If you like Easter, or if you are religious, I recommend you visit during Semana Santa (during the week of 9-16 April) But be aware that Seville is crowded and expensive during this time. Book your hotel at least two months in advance
Every day of the week during Semana Santa in Seville, except on Easter Sunday, brotherhoods of the churches takeout floats or pasos in a procession across the city, accompanied by marching bands. The floats each carry unique statues and pictures Jesus and the Virgin Mary, and are followed by conical-hooded nazarenos or penitents. The thrones are carried by bearers or ‘costaleros’ who are the local youth of Seville.
Best place to watch Semana Santa parade in Seville
The route of each procession begins and ends at their church but all of them go to Seville Cathedral before they turn back. The best area in Seville to watch the Semana Santa processions is near the Giralda and Bishops Palace.
All pasos in Seville follow an official route or Carrera Official which covers La Campana, Calle Sierpes, San Francisco square and Av. Constitucion - all of these are good spots to watch the floats as well. La Madruga (Thursday night) is the best day of the Holy Week in Seville to watch the processions. They carry on through the night of Thursday and no one sleeps in Seville on this night.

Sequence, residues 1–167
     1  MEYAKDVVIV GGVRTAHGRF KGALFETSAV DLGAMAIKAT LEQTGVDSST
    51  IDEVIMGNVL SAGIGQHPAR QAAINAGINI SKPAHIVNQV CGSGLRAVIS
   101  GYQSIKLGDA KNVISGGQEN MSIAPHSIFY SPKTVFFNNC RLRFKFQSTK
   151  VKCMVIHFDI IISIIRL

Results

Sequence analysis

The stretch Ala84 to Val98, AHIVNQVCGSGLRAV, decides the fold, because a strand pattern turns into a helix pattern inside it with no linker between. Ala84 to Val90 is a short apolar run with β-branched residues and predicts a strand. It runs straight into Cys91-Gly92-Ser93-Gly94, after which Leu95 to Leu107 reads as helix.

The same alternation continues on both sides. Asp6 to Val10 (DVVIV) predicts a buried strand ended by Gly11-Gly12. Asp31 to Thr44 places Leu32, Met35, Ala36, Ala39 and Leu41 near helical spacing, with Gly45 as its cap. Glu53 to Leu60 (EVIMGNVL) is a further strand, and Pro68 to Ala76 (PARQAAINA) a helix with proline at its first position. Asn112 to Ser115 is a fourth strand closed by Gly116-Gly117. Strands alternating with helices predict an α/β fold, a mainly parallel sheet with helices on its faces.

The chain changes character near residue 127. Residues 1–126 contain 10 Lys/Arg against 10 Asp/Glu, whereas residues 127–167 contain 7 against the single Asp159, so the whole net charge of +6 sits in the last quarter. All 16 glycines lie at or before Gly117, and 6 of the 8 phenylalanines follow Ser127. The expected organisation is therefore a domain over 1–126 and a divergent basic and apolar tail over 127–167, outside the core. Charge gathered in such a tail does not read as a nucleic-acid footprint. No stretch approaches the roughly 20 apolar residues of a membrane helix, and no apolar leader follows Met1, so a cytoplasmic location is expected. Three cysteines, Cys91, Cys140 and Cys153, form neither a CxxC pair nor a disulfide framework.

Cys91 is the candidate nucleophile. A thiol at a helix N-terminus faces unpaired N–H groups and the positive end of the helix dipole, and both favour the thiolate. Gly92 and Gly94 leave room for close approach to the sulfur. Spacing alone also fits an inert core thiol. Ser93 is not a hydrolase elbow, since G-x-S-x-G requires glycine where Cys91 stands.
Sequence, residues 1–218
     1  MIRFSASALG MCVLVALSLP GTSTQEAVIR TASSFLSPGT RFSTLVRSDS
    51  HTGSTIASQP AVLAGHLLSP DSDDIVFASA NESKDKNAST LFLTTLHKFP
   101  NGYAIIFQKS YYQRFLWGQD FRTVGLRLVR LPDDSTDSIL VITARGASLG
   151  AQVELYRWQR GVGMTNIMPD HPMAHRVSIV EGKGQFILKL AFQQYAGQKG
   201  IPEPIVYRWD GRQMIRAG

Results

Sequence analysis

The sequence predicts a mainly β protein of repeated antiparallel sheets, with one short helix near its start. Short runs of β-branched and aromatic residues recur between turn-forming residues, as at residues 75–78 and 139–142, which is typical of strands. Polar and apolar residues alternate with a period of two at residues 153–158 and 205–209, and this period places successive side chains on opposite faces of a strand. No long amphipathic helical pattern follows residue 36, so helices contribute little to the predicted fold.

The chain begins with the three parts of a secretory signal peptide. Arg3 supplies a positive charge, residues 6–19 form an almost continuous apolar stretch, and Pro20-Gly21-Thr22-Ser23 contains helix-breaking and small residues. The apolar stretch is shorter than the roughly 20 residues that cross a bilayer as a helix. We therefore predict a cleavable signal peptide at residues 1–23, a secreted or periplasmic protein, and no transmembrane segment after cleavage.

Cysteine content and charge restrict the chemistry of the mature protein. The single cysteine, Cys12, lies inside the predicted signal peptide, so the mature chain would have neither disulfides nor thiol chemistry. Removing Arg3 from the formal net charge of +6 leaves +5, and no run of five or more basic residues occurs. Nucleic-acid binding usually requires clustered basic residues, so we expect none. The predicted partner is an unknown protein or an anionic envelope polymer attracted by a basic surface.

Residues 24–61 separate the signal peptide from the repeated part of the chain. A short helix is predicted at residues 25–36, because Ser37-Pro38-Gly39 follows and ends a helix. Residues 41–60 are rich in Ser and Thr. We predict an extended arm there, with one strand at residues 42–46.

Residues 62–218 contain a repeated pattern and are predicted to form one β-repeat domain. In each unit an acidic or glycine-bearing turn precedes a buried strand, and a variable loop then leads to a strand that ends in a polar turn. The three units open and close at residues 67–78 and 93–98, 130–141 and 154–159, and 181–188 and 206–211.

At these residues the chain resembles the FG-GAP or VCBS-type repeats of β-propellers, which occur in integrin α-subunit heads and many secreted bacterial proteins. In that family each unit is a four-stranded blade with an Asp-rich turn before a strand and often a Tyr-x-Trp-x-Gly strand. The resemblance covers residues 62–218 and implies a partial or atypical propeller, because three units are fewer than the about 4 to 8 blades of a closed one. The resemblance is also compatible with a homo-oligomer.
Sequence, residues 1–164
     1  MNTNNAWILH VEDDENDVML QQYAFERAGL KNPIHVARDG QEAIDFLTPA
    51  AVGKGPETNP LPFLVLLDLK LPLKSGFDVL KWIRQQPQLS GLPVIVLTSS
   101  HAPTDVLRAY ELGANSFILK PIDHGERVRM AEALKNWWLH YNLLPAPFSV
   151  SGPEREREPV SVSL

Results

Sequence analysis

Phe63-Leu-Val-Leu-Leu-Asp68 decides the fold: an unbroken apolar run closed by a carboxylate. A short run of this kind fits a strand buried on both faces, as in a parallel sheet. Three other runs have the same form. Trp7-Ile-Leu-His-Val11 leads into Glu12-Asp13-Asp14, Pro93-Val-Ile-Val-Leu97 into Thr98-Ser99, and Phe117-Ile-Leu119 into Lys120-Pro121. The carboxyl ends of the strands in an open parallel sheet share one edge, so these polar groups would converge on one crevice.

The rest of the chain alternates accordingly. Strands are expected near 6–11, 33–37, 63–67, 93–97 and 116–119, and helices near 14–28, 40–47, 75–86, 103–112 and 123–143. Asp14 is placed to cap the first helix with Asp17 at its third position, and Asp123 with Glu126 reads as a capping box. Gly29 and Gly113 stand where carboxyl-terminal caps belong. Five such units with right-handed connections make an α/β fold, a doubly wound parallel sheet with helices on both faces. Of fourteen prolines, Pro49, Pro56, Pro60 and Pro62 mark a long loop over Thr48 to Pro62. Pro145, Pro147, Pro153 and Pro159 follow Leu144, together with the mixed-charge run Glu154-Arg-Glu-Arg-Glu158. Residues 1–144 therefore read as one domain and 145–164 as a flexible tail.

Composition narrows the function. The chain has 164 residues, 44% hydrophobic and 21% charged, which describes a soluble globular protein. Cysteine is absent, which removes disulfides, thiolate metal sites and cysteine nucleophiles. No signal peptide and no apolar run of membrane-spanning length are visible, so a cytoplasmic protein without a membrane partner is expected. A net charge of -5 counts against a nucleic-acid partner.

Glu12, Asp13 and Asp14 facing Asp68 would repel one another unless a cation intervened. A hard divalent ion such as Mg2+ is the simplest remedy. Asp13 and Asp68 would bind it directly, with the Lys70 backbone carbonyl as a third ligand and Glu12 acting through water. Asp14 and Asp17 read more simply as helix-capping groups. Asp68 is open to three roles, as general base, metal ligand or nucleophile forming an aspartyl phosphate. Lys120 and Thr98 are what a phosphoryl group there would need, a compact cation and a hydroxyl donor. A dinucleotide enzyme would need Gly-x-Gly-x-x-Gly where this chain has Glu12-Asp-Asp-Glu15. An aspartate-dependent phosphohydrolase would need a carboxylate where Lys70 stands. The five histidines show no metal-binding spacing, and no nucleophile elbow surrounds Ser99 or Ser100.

Semana Santa date (2017)
In 2017 Semana Santa is around the corner, 9-16 April 2017
Semana Santa facts
Semana Santa commemorates the Passion of Christ and during the Holy Week processions, statues of Jesus, Virgin Mary, and other saints are carried on pasos (or floats).
Seville becomes a place of solemn celebration during Semana Santa week. The main city of Seville gets very crowded with a million visitors and hotel prices are very high
History of Semana Santa
Semana Santa processions and celebrations originated in the middle ages, in the 14th century.
Semana Santa costumes
Women wear La Mantilla (mantle), a traditional suit with a lace mantle, a black dress and a rosary in hand.
Semana Santa traditions
Processions of mass mourning – the pall bearers or costaleros walk barefoot for hours with the weight of the floats on their shoulders. Seville comes together in repentance.
Self flagellation – mourners beat themselves symbolically withg birch twigs. Some devotees actually use glass shards but this is rare.
Petals and Sweets – at the end of the week on Easter Sunday the Nazarenos throw off their hoods as the processions are greeted with flower petals and sweets.
Saeta – participants in the processions sing the emotional mourning song or saeta (it means ‘arrow to the heart’), to mourn the suffering of Christ. The saeta has flamenco origins.
Best day to watch
Seville’s best Holy Week processions are the La Macarena, La Sed, San Benito